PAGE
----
Directed by Mel Gibson
Aspect Ratio: 1.85:1 anamorphic
Running Time: 138 minutes
Audio: Dolby Digital 5.1, DTS 5.1 Mayan
Subtitles: English, French, Spanish
Release Date: May 22, 2007
Review Date: May 13, 2007
You’ll be surprised how much of the Mayan civilization seems very familiar while you watch Mel Gibson’s arresting historical drama Apocalypto. You’ll see youthful hijinks (think frat boy humor), a battleaxe mother-in-law, the thrill of the hunt, the importance of families and especially children, stories around a campfire, civil war, and many other customs which have maintained their hold on civilization for many centuries. It’s what Gibson does with these homilies, however, that gives Apocalypto its lure and its power.
Jaguar Paw (Rudy Youngblood) is a young Mayan man married with one child and another on the way, living in the waning days of the Mayan civilization. A surprise invasion of his village by a rival, bloodthirsty tribe takes many of the women and the remaining men who weren’t killed as captives. The trek to the Mayan city, their ultimate fates, and a breathless chase back through the jungle to the original village make up the remaining running time of the film. The dialog is spoken completely in the Mayan language with English subtitles, but much of the film doesn’t really require talk. The body language of the people, their facial expressions, and the many action sequences are all pretty self-explanatory and require only attention to get their points across. Of course, part of that attention involves witnessing some uber-vivid violence and much gore: all a part of the Mayan civilization, of course, but not an especially easy thing for those with weak constitutions.
The script by Mel Gibson and Farhad Safinia manages to include many of the reasons for the ebbing of the Mayan race at this point in its history, even before the landing of the Spanish on their shores. We see rampant disease, warring tribes, recalcitrant weather, an indifferent ruling class, and inefficient leadership as all contributing to the general decline in their quality of life, and director Gibson does his best to make sure his cameras catch these things in all their infamy. The last forty minutes of the film involve an extended chase of Jaguar Paw by the massive warrior Zero Wolf (Raoul Trujillo), his bullying second in command Middle Eye (Gerardo Taracena), and several others. Gibson directs it with amazing speed and excitement, but a chase through the jungle with various booby traps and escape routes is as old as The Most Dangerous Game, and it robs the film of some of its originality despite its undeniable tension.
The film’s production design, its sets, its costumes, the elaborate make-up, the hundreds of extras, and the thousands of artifacts give Apocalpyto a true epic feel, and Gibson, no stranger to epics such as Braveheart and The Patriot, helms it all with a sure hand. It’s another unusual entry from a filmmaker who never seems to fear stepping out on a cinematic limb.
The film’s 1.85:1 aspect ratio has been transferred to DVD in a beautiful anamorphic encoding. Shot with high definition Genesis camera equipment rather than film, the movie to DVD transfer is very sharp, beautifully colorful, and lacking artifacts other than a few very thin edge halos glimpsed at odd moments. The lush greens of the forest, the startling whites of the lime quarry, the turquoise paint smeared on the prisoners all come through with stunning clarity. The ivory colored subtitles are easy to read. The film has been divided into 19 chapters.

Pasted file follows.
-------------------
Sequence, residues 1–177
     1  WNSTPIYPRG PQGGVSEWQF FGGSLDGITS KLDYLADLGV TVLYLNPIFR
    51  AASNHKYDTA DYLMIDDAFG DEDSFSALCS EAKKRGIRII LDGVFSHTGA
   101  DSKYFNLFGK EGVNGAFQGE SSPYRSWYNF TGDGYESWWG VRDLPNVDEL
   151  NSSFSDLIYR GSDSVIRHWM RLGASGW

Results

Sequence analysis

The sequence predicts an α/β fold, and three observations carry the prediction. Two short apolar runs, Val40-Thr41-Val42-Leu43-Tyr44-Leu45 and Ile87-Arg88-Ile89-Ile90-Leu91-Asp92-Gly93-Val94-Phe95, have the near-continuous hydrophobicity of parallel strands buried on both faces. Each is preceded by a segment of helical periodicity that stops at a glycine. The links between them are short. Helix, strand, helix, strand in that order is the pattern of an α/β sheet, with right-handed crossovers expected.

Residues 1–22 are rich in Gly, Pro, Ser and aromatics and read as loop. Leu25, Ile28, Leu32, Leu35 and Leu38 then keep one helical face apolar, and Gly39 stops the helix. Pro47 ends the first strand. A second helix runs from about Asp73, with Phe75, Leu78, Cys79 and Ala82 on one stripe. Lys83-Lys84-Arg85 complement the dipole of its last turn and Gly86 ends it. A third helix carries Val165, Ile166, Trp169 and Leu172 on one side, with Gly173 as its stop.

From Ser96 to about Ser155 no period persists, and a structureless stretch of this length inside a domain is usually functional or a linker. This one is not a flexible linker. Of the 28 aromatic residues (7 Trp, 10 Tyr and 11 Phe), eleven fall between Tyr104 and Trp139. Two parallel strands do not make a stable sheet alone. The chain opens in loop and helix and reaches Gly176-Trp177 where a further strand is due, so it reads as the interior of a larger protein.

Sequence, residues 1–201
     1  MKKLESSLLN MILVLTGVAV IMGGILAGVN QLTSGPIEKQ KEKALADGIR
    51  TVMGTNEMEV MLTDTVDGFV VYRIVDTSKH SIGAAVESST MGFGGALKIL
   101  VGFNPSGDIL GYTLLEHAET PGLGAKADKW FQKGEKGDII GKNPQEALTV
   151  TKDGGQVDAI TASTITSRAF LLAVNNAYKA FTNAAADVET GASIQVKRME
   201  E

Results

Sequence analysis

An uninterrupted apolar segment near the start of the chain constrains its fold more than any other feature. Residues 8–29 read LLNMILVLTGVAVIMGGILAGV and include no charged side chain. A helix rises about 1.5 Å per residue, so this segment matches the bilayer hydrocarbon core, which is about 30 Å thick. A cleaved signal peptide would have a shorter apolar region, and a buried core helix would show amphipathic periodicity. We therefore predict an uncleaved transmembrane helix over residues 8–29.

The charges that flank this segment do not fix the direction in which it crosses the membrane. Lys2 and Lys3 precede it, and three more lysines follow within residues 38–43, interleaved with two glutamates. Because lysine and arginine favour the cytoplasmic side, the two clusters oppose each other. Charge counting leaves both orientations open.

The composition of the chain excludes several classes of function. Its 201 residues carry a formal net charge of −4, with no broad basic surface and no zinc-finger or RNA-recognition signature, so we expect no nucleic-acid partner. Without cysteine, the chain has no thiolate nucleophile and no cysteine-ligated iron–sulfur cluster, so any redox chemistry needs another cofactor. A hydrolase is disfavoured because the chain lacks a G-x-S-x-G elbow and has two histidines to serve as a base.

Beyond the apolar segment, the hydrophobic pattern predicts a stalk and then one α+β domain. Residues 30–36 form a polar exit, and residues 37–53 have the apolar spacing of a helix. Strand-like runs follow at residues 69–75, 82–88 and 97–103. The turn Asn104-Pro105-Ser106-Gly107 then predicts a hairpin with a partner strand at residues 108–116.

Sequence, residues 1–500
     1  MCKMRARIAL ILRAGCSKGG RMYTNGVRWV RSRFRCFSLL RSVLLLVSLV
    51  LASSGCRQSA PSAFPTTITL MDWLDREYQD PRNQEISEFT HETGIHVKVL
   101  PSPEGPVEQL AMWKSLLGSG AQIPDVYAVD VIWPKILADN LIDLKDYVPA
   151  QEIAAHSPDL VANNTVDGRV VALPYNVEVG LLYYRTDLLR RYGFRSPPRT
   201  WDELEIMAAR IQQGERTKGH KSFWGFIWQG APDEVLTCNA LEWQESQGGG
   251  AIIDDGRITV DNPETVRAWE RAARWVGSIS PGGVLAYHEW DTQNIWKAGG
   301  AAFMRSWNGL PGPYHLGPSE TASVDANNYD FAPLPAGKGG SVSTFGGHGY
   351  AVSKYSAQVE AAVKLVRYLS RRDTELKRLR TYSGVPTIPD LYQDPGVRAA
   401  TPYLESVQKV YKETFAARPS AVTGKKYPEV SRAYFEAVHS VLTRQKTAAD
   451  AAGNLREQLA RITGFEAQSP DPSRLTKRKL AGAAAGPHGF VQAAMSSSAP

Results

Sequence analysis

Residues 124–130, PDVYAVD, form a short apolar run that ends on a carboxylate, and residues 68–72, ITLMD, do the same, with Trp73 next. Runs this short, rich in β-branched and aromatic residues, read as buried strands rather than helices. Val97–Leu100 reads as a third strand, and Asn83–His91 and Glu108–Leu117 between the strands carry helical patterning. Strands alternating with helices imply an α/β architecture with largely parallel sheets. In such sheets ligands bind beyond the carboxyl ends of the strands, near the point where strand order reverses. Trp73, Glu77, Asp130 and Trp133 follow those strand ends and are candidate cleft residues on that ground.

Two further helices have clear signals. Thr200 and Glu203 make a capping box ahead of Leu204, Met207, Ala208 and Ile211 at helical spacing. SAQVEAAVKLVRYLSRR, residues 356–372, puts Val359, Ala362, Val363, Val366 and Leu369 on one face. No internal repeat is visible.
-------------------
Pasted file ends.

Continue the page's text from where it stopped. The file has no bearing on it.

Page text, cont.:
The DTS 5.1 surround track is completely immersive and sends sound to all available channels constantly throughout the film’s running time. There is strong .1 LFE when needed, and the entire track is expertly designed. I did not listen to the entire film with the Dolby Digital 5.1 track engaged, but the few scenes I sampled with it sounded less full in the surrounds and slightly more anemic overall.
The DVD offers three bonus items. First up is an audio commentary featuring director Mel Gibson and his co-writer/co-producer Farhad Safinia. It’s an easygoing conversation between two obvious friends and in direct contrast to the amped up mood and tension of the film itself, this dialog between the two men makes a comfortably agreeable listening experience.
Becoming Mayan: Creating ”Apocalypto” is a 25-minute documentary on the making of the film touching primarily on selecting the locations for shooting, the costume research and construction, the enormous make-up requirements for the film, and the weapons fashioned for use in the movie. While it’s a generally fluffy EPK piece, I was disappointed that such issues as casting, translating the script into Mayan, and teaching the actors to speak the dialect wasn’t touched on at all. Some of this is mentioned in the audio commentary, but it isn’t addressed here, and it should have been.
One brief thirty second deleted scene is offered with the option of Mel Gibson commentary on it. Again, in the commentary, Gibson mentions several scenes which were edited for their violence or for time, but they are not to be found on this set.
Apocalypto is a dynamic adventure film with an outstanding representation of the last days of the Mayan civilization before its invasion by Europeans. It’s certainly worthy of a long look by action buffs and by those wishing for a film with a different look and feel to it.